Therapeutic Arthroscopic Procedures
Regional block / Spina
Worse for 2+ weeks
Affected 2+ weeks
Affected for 2+ weeks
No - 6+ weeks
Affected 2+ weeks
Affected 2+ weeks
Affected 6+ weeks
Affected 4+ weeks
Affected 2+ months
Affected 2+ weeks
- Arthroscopy is a key-hole surgical procedure where the inside of the joint can be inspected via a video camera and additional procedures can be carried out if necessary to decrease pain or improve function or both.
- This may be appropriate in only a small number of patients with degenerative arthritis. For example, in some patients with genuine mechanical symptoms like locking from displaced meniscal (shock absorbing cartilage) tear or those with floating loose fragments within the joint may benefit from this.
- In some selected cases of isolated arthritis on single quadrant may also benefit from this. This usually will be for a young adult with a single surface injury or damage from sporting injury.
- It is not recommended for obtaining diagnosis or for ‘washing out’ debris from arthritic joints. Pain due to degeneration alone does not improve long term and therefore is not advised just for checking the joint. Such operations are not recommended by NICE.
What does it involve?
- This is done under general anaesthetic as a day case procedure.
- Minimum 2 incisions either side of the lower end of knee cap is placed to inspect and carry out the operation. Occasionally additional incisions may be placed.
- If performed for genuine locking episodes, the damaged and displaced tear of the meniscus (displaced bucket handle tear) is removed and movement is restored.
- If locking episodes are due to loose bodies within the joint these can be removed and improves the function.
- Additional procedures like microfracture (making small holes into the bone) may be carried out for small area of isolated complete cartilage loss with an aim to stimulate fibro-cartilage growth. This is usually appropriate in earlier stages of the disease.
- One will have to undergo the procedure under anaesthetic and may have to use crutches for a period of time usually up to 2 or 3 weeks.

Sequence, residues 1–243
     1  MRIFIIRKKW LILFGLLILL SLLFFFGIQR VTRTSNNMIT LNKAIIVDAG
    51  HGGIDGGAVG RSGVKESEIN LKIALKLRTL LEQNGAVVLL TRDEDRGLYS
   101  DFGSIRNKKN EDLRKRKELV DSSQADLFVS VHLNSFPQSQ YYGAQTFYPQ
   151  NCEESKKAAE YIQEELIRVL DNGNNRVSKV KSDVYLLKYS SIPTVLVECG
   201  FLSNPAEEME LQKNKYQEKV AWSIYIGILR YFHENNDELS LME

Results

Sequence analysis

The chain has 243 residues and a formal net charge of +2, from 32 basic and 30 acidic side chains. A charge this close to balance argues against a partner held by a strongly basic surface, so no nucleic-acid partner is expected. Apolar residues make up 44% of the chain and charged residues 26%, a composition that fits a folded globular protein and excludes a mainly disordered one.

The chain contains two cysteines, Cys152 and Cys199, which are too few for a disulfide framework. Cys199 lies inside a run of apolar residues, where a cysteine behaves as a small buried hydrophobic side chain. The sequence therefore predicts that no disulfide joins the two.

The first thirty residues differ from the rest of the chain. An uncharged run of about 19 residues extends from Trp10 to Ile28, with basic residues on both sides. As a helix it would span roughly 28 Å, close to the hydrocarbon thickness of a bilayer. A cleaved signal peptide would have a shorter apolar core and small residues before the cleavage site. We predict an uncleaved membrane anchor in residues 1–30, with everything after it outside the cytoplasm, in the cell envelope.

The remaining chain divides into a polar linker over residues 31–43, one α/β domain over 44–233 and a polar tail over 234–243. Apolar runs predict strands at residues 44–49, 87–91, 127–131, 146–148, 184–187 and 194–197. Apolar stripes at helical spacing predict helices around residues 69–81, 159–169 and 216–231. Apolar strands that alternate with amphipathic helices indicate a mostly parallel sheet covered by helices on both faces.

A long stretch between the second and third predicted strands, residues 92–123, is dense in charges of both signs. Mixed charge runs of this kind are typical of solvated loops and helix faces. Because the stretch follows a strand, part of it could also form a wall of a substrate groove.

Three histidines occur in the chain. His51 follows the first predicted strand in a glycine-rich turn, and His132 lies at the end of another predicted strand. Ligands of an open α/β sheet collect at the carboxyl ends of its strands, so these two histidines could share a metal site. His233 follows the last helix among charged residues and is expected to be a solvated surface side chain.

- For patients who undergo microfracture, they may have to remain non-weigh bearing for up to 6w on crutches. Further period of protected weight bearing may be necessary.
- One may have to consider time away from work, difficulty in various daily activities, and child care related issues and will not be ready to drive car for weeks.
- One may have to undergo physiotherapy for a period of time after surgery.
- Pain: Can get worse short term and can last for 2 to 3 weeks.
- Mobility: Most need to use crutches for 2 to 3 weeks and sometime weigh bearing can be painful.
- Daily activities: Inconveniences for many activities of daily living including bathing/showering, wearing trouser, climbing stairs, sleeping and turning while walking may be affected for 2 to 4 weeks
- Driving: One may not be able to drive for minimum 2weeks. Furthermore driving will also depend on which leg was operated and if one was driving manual or automatic car.
- Leisure activities: This may be limited for 2 to 6weeks. – For example taking a dog on a lead for a walk can be affected for up to 6weeks. Playing with children, kneeling down can be affected.
- Light exercises: This can be affected for up to 4weeks. Exercises which require loading of the joint can be painful.
- Heavy exercises: One may not be able to do heavy exercises for up to 6 or 8 weeks.